Dog-lovers will hate it, dog-haters will love it, and everyone without strong opinions about our canine friends will likely form some while watching "Best in Show," Christopher Guest's hilarious exploration into dog show culture, which plays tonight and tomorrow at the Honolulu Academy Theatre.
Strange world of
dog shows mocked
in hilarious fashion
By Scott Vogel
Like "Waiting for Guffman," about a compulsively awful small-town theater company, Guest's latest film has attracted a cultlike following on the mainland, and it's not hard to see why. Both movies focus on ordinary people with outsize dreams, hailing from places like Blaine, Mo., and Fern City, Fla.; sensitive souls whose single-minded pursuit of the valueless provides, as one of Guest's characters might put it, continual testament to the power of human determination.
Those of us without do-or-die passions will likely find this other sort to be screamingly funny, and who can blame us? There are Cookie and Gerry Fleck (Catherine O'Hara and Eugene Levy), the proud owners of a Norwich terrier named Winky, who drive all the way from Fern City to Philadelphia for the ultra-prestigious Mayflower Dog Show, as well as the sightseeing. ("I want to see where they make the cream cheese," says Gerry.)
Other couples might have been defeated when they arrived at the hotel only to learn that their credit cards had been denied. The Flecks, however, are not to be deterred. The $34 in cash they brought with them may pay only for a cot in the hotel's utility closet, but never fear -- Winky will compete in the dog show.
Similarly driven are Hamilton and Meg Swan (Michael Hitchcock and Parker Posey), whose dog is at the show despite suffering from trauma-induced depression. It seems that the Weimaraner, Beatrice, accidentally caught her owners in the act of making love, the latter having just purchased a Kama Sutra book and attempting a position known as "congress of the cow."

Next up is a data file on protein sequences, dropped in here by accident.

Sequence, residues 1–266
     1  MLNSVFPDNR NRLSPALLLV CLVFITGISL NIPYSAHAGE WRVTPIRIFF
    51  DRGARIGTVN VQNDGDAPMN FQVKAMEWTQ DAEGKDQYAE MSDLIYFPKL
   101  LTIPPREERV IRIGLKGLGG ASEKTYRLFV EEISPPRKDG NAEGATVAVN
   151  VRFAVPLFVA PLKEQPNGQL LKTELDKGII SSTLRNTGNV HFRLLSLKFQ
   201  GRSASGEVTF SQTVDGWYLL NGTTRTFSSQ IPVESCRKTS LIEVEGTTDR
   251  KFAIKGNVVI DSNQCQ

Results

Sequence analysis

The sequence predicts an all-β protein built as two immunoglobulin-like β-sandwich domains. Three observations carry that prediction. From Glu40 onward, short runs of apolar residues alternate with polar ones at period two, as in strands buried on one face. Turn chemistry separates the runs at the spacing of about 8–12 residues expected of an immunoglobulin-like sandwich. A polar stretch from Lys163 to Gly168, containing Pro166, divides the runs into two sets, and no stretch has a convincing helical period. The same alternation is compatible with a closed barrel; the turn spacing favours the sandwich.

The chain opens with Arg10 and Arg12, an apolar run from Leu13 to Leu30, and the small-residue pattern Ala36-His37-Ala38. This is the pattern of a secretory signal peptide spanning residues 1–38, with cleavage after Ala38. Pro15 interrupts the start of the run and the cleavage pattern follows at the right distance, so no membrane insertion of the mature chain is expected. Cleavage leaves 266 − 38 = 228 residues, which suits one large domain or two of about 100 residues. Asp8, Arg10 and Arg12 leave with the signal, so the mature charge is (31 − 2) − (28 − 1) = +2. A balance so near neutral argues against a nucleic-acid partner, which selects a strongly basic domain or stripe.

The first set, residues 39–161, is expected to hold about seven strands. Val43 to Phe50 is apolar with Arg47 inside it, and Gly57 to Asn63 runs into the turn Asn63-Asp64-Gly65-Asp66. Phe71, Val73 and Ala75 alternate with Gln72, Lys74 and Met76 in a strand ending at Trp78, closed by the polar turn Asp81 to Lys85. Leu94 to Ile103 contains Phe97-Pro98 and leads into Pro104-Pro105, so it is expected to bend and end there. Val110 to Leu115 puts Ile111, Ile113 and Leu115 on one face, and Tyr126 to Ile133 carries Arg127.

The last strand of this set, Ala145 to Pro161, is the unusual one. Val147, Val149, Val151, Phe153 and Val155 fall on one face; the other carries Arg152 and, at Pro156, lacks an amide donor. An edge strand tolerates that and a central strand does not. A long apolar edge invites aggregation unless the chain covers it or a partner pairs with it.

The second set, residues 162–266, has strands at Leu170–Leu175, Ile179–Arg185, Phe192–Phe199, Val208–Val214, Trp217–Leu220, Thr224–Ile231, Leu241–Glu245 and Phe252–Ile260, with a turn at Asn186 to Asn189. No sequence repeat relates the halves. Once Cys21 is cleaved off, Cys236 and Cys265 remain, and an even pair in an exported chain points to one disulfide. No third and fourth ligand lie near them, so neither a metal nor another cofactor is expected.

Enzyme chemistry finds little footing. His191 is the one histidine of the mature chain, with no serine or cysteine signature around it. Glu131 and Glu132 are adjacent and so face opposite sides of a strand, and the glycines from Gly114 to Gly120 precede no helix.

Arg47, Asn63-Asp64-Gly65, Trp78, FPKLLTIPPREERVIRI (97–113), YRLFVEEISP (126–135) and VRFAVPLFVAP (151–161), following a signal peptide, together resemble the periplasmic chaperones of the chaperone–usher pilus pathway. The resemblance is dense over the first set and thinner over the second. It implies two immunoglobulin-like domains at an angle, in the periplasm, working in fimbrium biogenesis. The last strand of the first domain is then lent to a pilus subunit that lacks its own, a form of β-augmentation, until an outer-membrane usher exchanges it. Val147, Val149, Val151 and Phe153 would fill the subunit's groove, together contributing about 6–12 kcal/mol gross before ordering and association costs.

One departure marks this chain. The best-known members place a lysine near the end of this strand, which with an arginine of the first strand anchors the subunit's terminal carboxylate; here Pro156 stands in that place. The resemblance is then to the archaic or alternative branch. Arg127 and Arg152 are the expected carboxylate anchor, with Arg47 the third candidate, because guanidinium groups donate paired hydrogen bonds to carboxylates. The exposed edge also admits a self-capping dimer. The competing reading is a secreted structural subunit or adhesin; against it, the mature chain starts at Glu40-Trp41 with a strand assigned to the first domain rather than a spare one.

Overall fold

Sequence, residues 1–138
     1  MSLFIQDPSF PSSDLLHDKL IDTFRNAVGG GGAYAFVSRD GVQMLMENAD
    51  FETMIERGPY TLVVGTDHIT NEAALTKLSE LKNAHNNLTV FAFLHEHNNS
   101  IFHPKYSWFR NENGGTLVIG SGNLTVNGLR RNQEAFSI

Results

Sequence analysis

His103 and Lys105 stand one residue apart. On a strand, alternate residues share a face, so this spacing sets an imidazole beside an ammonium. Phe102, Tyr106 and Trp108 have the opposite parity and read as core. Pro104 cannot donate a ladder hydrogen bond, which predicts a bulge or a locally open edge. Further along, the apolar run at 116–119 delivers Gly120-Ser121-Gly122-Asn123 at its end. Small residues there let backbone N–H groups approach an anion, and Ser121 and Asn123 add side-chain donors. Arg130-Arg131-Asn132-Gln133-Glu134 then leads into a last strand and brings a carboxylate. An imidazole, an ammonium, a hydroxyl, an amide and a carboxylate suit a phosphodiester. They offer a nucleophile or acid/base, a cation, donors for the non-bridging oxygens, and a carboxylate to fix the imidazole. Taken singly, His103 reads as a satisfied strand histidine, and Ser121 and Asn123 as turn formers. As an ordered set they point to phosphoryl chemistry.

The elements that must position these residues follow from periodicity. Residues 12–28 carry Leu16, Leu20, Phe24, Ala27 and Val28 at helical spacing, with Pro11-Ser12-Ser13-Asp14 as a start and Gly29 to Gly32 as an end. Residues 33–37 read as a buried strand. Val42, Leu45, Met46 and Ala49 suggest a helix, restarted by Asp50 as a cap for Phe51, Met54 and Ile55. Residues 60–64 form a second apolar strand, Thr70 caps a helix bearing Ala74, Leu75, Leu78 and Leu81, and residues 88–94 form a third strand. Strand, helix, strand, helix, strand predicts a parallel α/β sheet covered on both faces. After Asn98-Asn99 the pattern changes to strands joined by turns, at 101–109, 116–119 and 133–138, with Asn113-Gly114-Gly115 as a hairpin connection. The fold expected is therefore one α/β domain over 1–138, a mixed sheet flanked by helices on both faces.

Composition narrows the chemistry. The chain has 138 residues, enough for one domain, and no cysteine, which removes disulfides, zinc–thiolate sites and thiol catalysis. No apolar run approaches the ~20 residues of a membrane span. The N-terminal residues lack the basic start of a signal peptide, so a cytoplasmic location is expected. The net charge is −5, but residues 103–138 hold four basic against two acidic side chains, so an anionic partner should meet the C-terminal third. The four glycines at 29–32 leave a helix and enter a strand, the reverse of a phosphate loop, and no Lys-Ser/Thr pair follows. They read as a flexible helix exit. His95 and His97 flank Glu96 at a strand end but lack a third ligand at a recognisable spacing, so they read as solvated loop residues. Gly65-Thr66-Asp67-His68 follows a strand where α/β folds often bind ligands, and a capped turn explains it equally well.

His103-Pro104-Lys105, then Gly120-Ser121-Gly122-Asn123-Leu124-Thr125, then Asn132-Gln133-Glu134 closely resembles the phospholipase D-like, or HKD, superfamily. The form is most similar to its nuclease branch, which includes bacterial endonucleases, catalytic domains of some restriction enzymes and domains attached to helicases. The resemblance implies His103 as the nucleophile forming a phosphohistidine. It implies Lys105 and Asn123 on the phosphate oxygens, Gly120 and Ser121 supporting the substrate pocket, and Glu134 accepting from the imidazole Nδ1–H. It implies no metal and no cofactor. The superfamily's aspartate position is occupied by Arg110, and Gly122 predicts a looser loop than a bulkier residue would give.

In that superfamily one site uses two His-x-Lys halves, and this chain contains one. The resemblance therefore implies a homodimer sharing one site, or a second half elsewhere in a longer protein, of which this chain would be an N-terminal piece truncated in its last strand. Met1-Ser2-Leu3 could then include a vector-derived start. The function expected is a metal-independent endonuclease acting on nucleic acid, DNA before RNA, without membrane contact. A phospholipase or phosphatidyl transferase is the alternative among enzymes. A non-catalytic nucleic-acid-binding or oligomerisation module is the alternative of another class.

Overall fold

But the Flecks and the Swans are just the tip of the iceberg. Miss Agnes is the pride and joy of a well-heeled gay couple from Manhattan, her clothes-conscious owners packing seven kimonos for a mere 48-hour stay. A gold-digging Anna Nicole Smith type arrives in the company of her ancient, near-dead husband, a lesbian dog handler and her prize poodle, Rhapsody in White, a deliciously over-the-top canine whose name is almost an understatement. And Hubert is the loyal dog of Harlan Pepper, a North Carolina bait store owner who is studiously pursuing other interests (e.g., ventriloquism).
Employing a mockumentary format throughout, Guest follows the hopefuls from their humble origins to the dog show big time, the movie culminating in the nail-bitingly suspenseful competition itself, presided over by a bumptious TV celebrity (Fred Willard) who can't help but be reminded of his proctologist while watching the very thorough physical examinations given the contestants by the judges.
Along the way we meet characters from America's twisted underbelly leading lives devoid of connection: a couple whose only common passion is an affection for snow peas, another for whom sharing a J. Crew catalog qualifies as a bona fide hobby. In each case a dog has apparently (and temporarily) come to rescue them psychically. The poor animals are brushed, prodded, poked and posed, sometimes for calendars. (Miss Agnes stars in one of these, whose theme is classic Hollywood films. Hence we see her riding horses through a burning Atlanta, a la Vivien Leigh in "Gone With the Wind," mimicking Ingrid Bergman on the airport tarmac in "Casablanca" even doing a mean Susan St. James in a frozen moment from "McMillan and Wife.")
Silly, absurd and sometimes just stupid, "Best in Show" is the guiltiest of guilty pleasures, the kind of film people always pretend to hate at cocktail parties, only to sneak into Blockbuster for it again and again. It's the rare spoilsport who won't find something amusing here. Even dog show devotees might find themselves chuckling from time to time.
When: 7:30 p.m. tonight and tomorrow
"Best in Show"
Where: Honolulu Academy of Arts Theatre, 900 S. Beretania St.
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